From Time to Time - Movie Reviews - Rotten Tomatoes

From Time to Time Reviews

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August 26, 2016
When a film story sticks with you, draws you back to re-watch, and re-involves you in successive viewings with detail missed before , you've got a worthy piece of entertainment. Strong acting, time travel, ghosts who appear to those open to seeing, plus Maggie Smith. I really like this period piece... and so did my boyfriend!
June 16, 2015
This wonderful movie will appeal to the mass of Downton Abbey fans - a family friendly movie with a great story and a meaningful character - one of my all time favorites!!
February 28, 2015
Nice film. Very sweet
January 11, 2015
There are some holes in the plot . . . but . . .the fine cast, the mixing of two historical periods, the way the ghosts melt in and out . . . the young boy on the verge of manhood, pushed by the appearance of one special ghost make this truly a family film. I think it is best for children age 10 to 13, although children as young as 8 who are well read and who would understand the periods might enjoy it as well. This is an interesting twist on the coming of age story in which not just the boy grows up but his mother and grandmother as well.
December 29, 2014
I enjoyed "From Time to Time", which I stumbled across via Netflix recommendations and watched during Christmas week 2014. This adaptation of Lucy M. Boston's second Green Knowe book (titled "The Treasure of Green Knowe" in the UK and "The Chimneys of Green Knowe" in the US) was my first introduction to Lucy the six-book series.

After watching the film, I tracked down BBC One's serialized TV adaptation of the series' first book, "The Children of Green Knowe", and found it posted at Youtube. (I prefer the film and am glad I saw it first, but I do plan to read the entire series.) Watching the two shows clarifies some questions while simultaneously introducing some logical inconsistencies.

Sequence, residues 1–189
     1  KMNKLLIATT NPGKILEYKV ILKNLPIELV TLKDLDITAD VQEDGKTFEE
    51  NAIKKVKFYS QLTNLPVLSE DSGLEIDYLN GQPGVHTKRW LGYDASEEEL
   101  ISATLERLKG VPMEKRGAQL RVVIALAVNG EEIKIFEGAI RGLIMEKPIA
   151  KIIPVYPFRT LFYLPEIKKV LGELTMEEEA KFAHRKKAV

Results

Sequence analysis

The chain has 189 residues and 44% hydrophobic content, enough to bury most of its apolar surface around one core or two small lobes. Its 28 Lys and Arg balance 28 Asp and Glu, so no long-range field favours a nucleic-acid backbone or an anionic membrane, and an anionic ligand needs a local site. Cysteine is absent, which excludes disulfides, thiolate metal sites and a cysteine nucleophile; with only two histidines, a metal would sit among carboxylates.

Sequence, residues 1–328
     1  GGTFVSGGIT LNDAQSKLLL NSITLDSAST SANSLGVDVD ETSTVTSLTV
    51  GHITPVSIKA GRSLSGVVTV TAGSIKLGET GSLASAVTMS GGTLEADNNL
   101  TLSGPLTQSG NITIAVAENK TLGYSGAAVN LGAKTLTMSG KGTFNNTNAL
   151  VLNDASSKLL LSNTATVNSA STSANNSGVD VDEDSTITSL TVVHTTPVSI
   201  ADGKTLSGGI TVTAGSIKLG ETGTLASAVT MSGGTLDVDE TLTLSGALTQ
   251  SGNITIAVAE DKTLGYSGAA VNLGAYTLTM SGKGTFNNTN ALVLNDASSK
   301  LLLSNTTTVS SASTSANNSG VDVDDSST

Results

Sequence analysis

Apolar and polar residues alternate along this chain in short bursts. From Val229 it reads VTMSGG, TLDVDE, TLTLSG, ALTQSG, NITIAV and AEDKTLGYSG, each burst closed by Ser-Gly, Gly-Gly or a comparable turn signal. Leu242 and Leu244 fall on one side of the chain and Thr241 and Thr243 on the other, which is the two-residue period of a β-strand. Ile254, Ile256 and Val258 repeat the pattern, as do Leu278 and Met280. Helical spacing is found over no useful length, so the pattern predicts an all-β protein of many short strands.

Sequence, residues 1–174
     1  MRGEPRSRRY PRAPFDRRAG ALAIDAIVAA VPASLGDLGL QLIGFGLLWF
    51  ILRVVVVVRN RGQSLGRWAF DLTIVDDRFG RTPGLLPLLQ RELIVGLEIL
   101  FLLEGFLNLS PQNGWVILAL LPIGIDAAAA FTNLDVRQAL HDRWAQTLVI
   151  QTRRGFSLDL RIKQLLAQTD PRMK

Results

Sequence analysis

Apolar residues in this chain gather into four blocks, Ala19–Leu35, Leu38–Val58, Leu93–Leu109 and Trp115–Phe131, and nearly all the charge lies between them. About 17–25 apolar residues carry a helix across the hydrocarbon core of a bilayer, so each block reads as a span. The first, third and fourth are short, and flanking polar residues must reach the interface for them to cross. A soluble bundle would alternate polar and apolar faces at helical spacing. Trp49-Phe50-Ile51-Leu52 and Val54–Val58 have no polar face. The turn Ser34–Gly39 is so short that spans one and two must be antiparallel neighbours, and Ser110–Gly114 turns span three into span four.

The "Ah ha" clarifications:
(1) Why does Tolly wear shorts in FTTT?

Answer:
It's a long term habit, carried over from the previous book. It's not - as I'd wondered - because he's dying or already an apparition immune to the seasons or temperature cold.

My 2 cents:
Tolly's short pants may also reflect his boarding school's dress code and/or illustrate his sad status as a neglected child of privilege too often required to look after himself.

(2) Why does Tolly takes special note of certain features of the house, e.g., the St. Christopher sculpture and the portrait (which he notes in the second story has gone missing)?

Answer:
These artifacts figured prominently in the first story.

The "Wait, what?" inconsistencies:

(1) In the second story's film adaptation, Granny Linnet's Tolly's paternal grandmother, and the lad's fond of his mother, who is still alive, in love with, and married to his father. Mum didn't coldheartedly abandon Tolly over Easter break; rather, she thoughtfully sent him to Green Knowe to be with family while she travelled to London to research the whereabouts and fate of Tolly's miltary father David, who went M.I.A. in Germany during WW2. Several factors about the caretaker Boggis make one wonder whether he's dying or has died, and entertain the same considerations about Mrs. Boggis. Also, though I understand the following as a plot device, I can't logically fathom it from a logical standpoint: how in the first story could Tolly, who keenly explored the manor and grounds in the first story, remain unaware until the second story of the water tower, of Maria's burned-down "entertainment" wing, and of the music room that replaced Maria's wing?

(2) In the first story's TV adaptation, Granny Linnet's Tolly's great grandmother (not grandmother), and the lad's not crazy about his stepmother, who calls him Toto and has thoughtlessly abandoned him to be the sole student left at the boarding school during Christmas break, while she's gone off to Burma with Tolly's father. Boggis the caretaker (like Granny) is older and more decrepit in this first screen adaptation than in the second.
½ November 19, 2014
A touching and unexpected story... Step through the carved oak doors and into this fascinating tale.
½ October 1, 2014
Maggie Smith always gives a memorable performance.
September 7, 2014
I love the concept, and there are parts of this movie that are absolutely fantastic, but it's so slow moving it's nearly unbearable. Too bad, because with a bit more action it would have been excellent.
May 27, 2014
This movie feels slow, but it packs a punch where it counts. In the end you just want to see more. A perfectly sad but heartwarming ghost story.
May 17, 2014